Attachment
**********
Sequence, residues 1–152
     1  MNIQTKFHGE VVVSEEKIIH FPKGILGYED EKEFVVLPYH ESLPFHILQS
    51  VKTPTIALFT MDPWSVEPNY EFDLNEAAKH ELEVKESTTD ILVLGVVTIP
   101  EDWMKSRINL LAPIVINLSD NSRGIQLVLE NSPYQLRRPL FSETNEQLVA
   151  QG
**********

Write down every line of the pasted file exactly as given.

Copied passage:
Sequence, residues 1–152
     1  MNIQTKFHGE VVVSEEKIIH FPKGILGYED EKEFVVLPYH ESLPFHILQS
    51  VKTPTIALFT MDPWSVEPNY EFDLNEAAKH ELEVKESTTD ILVLGVVTIP
   101  EDWMKSRINL LAPIVINLSD NSRGIQLVLE NSPYQLRRPL FSETNEQLVA
   151  QG